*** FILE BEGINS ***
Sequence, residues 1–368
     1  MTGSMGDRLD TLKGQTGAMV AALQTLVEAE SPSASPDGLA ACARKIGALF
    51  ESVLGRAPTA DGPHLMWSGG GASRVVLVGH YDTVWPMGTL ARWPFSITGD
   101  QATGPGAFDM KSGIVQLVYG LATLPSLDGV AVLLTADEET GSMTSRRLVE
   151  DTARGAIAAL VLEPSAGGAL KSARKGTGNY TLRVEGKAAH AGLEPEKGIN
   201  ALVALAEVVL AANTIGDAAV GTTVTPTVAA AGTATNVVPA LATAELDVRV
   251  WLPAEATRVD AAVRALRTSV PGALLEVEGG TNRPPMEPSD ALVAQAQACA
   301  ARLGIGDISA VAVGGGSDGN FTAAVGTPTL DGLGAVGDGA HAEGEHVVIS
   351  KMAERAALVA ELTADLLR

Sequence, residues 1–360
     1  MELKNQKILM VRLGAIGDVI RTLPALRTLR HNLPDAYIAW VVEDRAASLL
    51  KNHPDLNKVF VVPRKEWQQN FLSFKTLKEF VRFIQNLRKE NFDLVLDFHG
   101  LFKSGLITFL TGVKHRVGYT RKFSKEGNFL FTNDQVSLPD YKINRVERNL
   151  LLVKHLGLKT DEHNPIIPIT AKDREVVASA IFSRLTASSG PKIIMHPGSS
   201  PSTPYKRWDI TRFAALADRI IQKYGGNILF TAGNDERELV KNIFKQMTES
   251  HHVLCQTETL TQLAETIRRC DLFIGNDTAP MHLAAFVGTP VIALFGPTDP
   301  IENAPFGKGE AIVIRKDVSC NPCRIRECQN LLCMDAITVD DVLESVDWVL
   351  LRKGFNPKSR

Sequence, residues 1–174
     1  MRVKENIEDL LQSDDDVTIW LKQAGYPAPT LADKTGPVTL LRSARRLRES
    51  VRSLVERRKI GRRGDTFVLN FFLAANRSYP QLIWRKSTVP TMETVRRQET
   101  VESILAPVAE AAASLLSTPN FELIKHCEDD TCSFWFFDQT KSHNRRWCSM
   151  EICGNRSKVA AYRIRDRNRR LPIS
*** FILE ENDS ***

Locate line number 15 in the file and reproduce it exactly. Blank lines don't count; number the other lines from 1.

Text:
   201  PSTPYKRWDI TRFAALADRI IQKYGGNILF TAGNDERELV KNIFKQMTES